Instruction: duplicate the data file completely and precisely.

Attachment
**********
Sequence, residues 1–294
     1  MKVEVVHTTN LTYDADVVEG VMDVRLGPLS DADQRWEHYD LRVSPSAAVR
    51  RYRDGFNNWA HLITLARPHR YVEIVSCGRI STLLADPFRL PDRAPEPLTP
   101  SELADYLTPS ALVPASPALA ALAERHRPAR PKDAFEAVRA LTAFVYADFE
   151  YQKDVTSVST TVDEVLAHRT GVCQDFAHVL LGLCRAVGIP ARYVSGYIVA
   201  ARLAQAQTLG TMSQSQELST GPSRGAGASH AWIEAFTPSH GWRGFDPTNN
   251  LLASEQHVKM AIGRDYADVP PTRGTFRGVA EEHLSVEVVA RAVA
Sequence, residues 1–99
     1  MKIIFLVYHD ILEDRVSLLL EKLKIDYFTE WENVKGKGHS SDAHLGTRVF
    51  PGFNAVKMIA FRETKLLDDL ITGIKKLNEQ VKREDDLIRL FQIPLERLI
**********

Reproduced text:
Sequence, residues 1–294
     1  MKVEVVHTTN LTYDADVVEG VMDVRLGPLS DADQRWEHYD LRVSPSAAVR
    51  RYRDGFNNWA HLITLARPHR YVEIVSCGRI STLLADPFRL PDRAPEPLTP
   101  SELADYLTPS ALVPASPALA ALAERHRPAR PKDAFEAVRA LTAFVYADFE
   151  YQKDVTSVST TVDEVLAHRT GVCQDFAHVL LGLCRAVGIP ARYVSGYIVA
   201  ARLAQAQTLG TMSQSQELST GPSRGAGASH AWIEAFTPSH GWRGFDPTNN
   251  LLASEQHVKM AIGRDYADVP PTRGTFRGVA EEHLSVEVVA RAVA
Sequence, residues 1–99
     1  MKIIFLVYHD ILEDRVSLLL EKLKIDYFTE WENVKGKGHS SDAHLGTRVF
    51  PGFNAVKMIA FRETKLLDDL ITGIKKLNEQ VKREDDLIRL FQIPLERLI